Todd Wasserman

Aug 16th 2018

Petal Patterns May Fuel Quantum Computing


When light is manipulated in a laboratory, it can create beautiful patterns that are just as unique and picturesque as a snowflake. These patterns aren’t just for show though; they serve an important purpose.

As Northrop Grumman’s Matthew O’Donnell explained, when you combine two or more vortices of light, they create petal patterns, which can create an “alphabet” for transmitting information — even quantum information — over large distances.

“If we ignore the fact that light is made up of discrete particles called photons and treat light as electromagnetic waves, then planar light consists of electromagnetic waves that are wiggling together in synchrony as the light propagates forward, much like a marching band in a parade moves together in lock-step along a boulevard,” O’Donnell said. “Vortices are different than plane waves in that the waves that make up the vortex are out of phase with respect to each other in just the right way so that the light propagates in a kind of tornado,” he added.

When you combine two or more petal patterns, they form interference patterns. These patterns consist of millions and millions of photons, said O’Donnell. If you have entangled photons or entangled optical vortices, that “opens up a new world of quantum communication, quantum encryption and quantum computing,” he noted.

How does this work? According to O’Donnell: “The idea of both these technologies is to leverage a resource known as entanglement only available by working at the discrete level of nature described by quantum theory. The quantum resource of entanglement allows technology to surpass limits normally constraining it from reaching a higher level of performance. Only quantum technology can operate at the absolute physical limit allowed by nature.”

For instance, take quantum computing. A quantum computer with fewer than 100 qubits — quantum bits — is known in many cases to outperform even the most powerful mainframe computers. A conventional computer performs calculations by performing operations on bits that can take on the value of either one or zero, nothing in between. (Bits are the fundamental units of computation, similar to how the whole numbers are manipulated to perform arithmetic.)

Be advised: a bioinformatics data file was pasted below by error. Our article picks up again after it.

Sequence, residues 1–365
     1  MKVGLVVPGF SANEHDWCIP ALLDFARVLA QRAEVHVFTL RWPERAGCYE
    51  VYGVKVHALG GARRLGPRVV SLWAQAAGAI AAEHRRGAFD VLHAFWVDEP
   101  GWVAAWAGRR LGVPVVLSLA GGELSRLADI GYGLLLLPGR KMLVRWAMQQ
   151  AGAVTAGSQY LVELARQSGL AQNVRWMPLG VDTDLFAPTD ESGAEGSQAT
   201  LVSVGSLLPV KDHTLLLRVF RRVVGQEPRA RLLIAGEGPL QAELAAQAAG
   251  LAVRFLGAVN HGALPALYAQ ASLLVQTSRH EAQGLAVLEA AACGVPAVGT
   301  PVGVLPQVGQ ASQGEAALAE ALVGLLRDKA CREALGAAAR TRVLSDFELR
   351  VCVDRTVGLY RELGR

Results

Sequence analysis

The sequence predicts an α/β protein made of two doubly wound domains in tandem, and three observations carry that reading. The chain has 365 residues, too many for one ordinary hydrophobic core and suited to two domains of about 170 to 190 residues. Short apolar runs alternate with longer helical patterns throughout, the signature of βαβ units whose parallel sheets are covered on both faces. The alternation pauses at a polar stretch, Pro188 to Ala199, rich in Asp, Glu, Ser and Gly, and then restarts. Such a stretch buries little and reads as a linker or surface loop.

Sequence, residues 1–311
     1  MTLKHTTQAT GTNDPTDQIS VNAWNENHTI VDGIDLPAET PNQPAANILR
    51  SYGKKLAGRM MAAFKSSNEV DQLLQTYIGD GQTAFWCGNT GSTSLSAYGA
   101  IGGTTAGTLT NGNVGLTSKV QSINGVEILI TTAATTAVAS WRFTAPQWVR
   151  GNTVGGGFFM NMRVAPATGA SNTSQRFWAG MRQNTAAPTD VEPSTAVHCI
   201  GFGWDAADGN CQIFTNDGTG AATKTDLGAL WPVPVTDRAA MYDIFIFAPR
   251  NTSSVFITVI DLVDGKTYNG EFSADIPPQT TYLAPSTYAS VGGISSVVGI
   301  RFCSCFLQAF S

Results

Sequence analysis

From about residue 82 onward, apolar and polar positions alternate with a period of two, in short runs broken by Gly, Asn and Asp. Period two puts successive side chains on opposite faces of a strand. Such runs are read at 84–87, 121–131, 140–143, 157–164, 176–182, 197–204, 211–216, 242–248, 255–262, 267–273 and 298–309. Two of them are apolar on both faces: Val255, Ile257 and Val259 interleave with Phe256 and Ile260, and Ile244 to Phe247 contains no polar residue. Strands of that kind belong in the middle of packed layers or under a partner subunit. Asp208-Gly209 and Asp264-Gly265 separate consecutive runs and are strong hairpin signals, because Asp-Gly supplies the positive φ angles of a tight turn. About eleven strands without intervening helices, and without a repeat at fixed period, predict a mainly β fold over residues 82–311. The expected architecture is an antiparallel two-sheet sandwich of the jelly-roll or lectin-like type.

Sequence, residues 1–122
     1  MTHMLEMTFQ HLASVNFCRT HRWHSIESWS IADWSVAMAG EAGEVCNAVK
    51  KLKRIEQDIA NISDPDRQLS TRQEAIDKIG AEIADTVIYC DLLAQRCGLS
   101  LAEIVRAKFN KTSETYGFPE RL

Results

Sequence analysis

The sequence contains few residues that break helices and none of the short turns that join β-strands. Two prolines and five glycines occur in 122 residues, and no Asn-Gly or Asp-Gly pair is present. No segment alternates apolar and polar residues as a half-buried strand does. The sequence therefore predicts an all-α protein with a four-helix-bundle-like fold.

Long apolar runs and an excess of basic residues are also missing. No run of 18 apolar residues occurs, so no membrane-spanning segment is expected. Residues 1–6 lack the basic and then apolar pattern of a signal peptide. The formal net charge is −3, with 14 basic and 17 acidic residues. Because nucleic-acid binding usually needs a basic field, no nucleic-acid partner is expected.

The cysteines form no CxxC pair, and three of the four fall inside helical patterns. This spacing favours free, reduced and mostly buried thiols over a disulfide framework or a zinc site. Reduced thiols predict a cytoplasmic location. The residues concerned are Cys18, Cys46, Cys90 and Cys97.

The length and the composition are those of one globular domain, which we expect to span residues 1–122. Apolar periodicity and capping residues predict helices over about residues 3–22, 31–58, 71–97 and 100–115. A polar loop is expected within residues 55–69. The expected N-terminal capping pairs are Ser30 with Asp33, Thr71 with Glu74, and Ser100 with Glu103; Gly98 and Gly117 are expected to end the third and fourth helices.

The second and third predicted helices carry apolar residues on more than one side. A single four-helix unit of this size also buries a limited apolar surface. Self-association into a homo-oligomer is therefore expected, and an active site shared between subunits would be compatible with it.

A quantum computer, on the other hand, performs calculations by operating on qubits which may take on the value of zero, one, or both at the same time. The latter situation is called being in a superposition of one and zero — something that can only happen in quantum.

Furthermore, unlike bits, qubits can be “entangled” with each other (another feature that is unique to quantum) to form a powerful computational network that can outperform any size of networked conventional computer cores. Now, petal patterns can be used as quantum bits. But, instead of being limited to superpositions of one and zero, petal patterns can be created as superpositions of tens or hundreds of different states. Imagine the complex networks that can be formed by entangling petal patterns with each other.

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